How to Crochet Around Fabric (Three Different Ways!)

Here recently I was on a baby blanket making spree. One of my friends had a shower, and then another friend asked if I could make a couple for showers she was going to also. And in all honesty, I just didn't want to spend all my time crocheting a full blanket, so I decided to crochet around fleece, because hey, it's nice and quick. 

Now, something I try to live by is "use what ya got"... I am a thrifty gal through and through, so if I don't have a certain tool and product to achieve what I'm wanting to make, then I find a way to do it using what I already have on hand. This was one of those times. I've seen where you can make the holes into your fabric using a skip stitch rotary cutter, but I don't have one. Nor do I see myself using one all that much. So, I thought I'd show you here a couple different ways you can crochet around fabric (the last one is a tutorial provided by an outside source, using the rotary cutter).

Blanket Stitch

So for the first example, I'm going to show you how you can do a simple blanket stitch around the edge of your fabric. This was how I did my first blanket. I will say that this way wasn't exactly my favorite, as working the blanket stitch was pretty time consuming, because of the length of yarn you need to get around the whole blanket without running out and starting a new strand. If you are okay with starting new strands, then maybe that would work for you, I just try to minimize the stray ends. This method does work though, and provides a good foundation for your crochet. If you're looking for a faster way, see the second tutorial in this post below. 

 I gathered a yard of this buffalo print fleece I found at Wal Mart, a size H Hook, yarn needle and worsted weight yarn (I used Caron Simply Soft in Cobalt Blue) 

*I cut my fabric into a 3x3 foot square*

On the topic of yarn length needed to get around the blanket without having to start a new piece: I figured out (the hard way..) that I needed to use a piece of yarn that was three times the perimeter of the blanket. And to measure that I just took my yarn and lined it up with the edge of my blanket times three.

P.S. When getting fabric, make sure its something that won't fray--unless you're okay with seaming it up.

To achieve evenness between the blanket stitches, I used this trick I saw some time back on Pinterest, where you make little marks on your finger how far apart you'd like your stitches. I chose to do mine 1/4 inch apart, and 1/4 inch from the edge. I wouldn't go more than 1/2 inch in between stitches.

Now I will say this: I just eyeballed how far away from the edge I was, but if you don't feel comfortable doing that you could draw a line on your fabric with washable marker along the edge to give you a guide for how far down to insert your needle. I didn't find it too challenging to make the stitches even from the edge. 

To start the blanket stitch you'll need to knot your yarn at the end a couple times, big enough so it won't come through the hole you create with your needle. You'll thread your yarn, and insert your needle from the back and draw it all the way through (this is the bad part of the beginning, such a longgggg strand to pull through.. but it's great for when you're watching a show on Netflix ;).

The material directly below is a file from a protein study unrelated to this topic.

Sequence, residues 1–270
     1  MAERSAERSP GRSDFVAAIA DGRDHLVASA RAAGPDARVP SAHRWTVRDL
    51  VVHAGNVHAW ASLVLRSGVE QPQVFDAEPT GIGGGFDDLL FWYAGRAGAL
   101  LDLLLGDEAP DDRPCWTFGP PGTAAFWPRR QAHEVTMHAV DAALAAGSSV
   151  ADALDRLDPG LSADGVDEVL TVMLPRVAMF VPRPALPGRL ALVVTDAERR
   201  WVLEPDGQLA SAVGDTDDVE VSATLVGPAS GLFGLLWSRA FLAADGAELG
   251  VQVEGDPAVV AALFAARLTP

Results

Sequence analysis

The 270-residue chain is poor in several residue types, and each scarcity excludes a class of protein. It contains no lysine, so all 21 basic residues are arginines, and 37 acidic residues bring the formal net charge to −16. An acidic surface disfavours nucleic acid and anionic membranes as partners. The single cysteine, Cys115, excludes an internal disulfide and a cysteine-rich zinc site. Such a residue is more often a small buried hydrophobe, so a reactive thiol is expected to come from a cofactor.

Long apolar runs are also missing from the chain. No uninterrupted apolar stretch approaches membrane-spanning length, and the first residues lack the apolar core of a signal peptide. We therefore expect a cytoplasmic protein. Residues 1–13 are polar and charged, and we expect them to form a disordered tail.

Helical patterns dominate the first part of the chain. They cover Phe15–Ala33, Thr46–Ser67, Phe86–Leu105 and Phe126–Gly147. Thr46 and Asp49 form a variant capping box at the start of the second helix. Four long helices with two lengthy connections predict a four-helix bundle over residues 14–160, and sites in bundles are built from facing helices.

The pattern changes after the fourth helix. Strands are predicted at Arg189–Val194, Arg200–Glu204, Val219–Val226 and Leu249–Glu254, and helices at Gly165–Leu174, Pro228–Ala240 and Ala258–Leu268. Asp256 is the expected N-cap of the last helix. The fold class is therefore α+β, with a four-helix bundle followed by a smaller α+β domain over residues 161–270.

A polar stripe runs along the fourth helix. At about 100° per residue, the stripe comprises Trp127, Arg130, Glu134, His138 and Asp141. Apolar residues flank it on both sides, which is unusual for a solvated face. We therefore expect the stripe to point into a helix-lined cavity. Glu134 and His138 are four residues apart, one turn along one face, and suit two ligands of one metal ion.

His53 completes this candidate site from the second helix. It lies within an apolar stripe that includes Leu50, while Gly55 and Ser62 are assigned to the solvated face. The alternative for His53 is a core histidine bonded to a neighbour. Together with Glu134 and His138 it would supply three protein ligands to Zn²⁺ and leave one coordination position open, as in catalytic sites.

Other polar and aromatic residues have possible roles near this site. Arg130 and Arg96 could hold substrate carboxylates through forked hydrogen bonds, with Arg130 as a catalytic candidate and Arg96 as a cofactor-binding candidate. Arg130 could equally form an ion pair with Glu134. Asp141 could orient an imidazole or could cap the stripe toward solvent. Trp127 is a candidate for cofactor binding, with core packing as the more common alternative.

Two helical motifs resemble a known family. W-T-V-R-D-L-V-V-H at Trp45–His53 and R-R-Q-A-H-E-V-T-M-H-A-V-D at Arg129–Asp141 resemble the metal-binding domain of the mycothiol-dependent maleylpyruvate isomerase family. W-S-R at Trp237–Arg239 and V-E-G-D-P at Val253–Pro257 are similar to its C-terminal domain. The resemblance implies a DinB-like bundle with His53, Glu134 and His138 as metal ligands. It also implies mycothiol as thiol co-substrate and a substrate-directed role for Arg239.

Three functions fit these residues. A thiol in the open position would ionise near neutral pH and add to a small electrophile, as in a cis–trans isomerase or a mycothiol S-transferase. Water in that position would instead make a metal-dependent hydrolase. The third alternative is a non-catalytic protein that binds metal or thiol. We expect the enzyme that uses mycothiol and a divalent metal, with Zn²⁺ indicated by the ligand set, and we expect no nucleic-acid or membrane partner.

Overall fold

Then you'll go over the edge, and back through the same spot you just entered in. Pull yarn through.

Then you'll insert the needle sideways through that stitch you just created.

Now for the rest of the stitches you will always insert your needle from the back of the fabric, using your finger as a guide for how far away from the previous stitch.

Once you pull the needle through, tug a bit of yarn through also.

Then you will insert the needle underneath the base of the strand of yarn (see above photo).

When you pull the yarn tight (don't pull too tight, or the edges will ripple!), the above photo indicates how it should look. Then you will continue around until you get to the space before your first stitch you made.

When it comes to the corners, you will follow the above steps, except you will insert your hook into the same hole three times (see photo).

Then you will connect the last and first stitch by inserting your needle sideways into the first stitch. 

Then you will insert the needle into the base of that first stitch from front to back. Then cut your yarn long enough to weave in and tie a knot to the beginning strand. 

To start your crochet border, you will insert your crochet hook into one of the blanket stitches, then draw through your yarn.

Make two chain stitches to begin your crochet stitches. Then you can tie a knot in your yarn end to secure it before weaving it in. Next you can begin to create any border you would prefer. I am going to provide the border pattern I used. I thought this one was super simple and quick. I didn't want anything frilly because I was making the blankets for baby boys. 

So since my blanket stitches were 1/4 inch apart, I single crocheted in every blanket stitch. But if your blanket stitches were further apart, like 1/5 inch I would recommend chaining one between single crochet. 

b07.jpg

So then I single crocheted around the entire blanket, working two single crochet in the corner blanket stitches.

Join to the beginning chain with a sl st.

Then ch 4.

(Skip a st, then dc into the next st, ch 1) Repeat that around your blanket, working two dc + ch 1 into the corner st, then join to 3rd ch with sl st

sl st into first ch 1 sp, ch 3, then work a dc into the same sp you sl st into

work 2 dc into the ch 1 spaces around the blanket, working 4 dc into the corner st, join to 3rd ch with sl st.

Then finish off, and weave in ends!

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Seam Ripper Holes

So for the second tutorial, this was hands down my favorite way to prep the fabric for crochet because it was so easy and fast. I show you a couple ways you can make the holes, but ended up doing the latter of the two. I just couldn't get the first method to work as fast as I wanted it to, so I totally recommend doing the second way, using your finger as a guide rather than the marker and tape measure. I decided to put both of them on here though, because I thought maybe someone would prefer to do it the first way.

This first way, I aligned my tape measure about 1/4 inch from the edge, and put dots on my fabric 1/2 inch apart. 

Then using your seam ripper you could slightly push it into the fabric (BEWARE--not too much force!! It can rip through the edge) in each of the marks.

So since that method wasn't 100% my jam, I ended up using my finger as reference for how far apart the holes should go. And to just use the seam ripper as I go. On this blanket, I made them 1/2 inch apart. You can see how I did the ripping in the video below.

*be careful not to poke yourself!!*

For this blanket I also used a 5 mm (H) hook and Caron Simply Soft in Kelly green. This fabric is also at Walmart!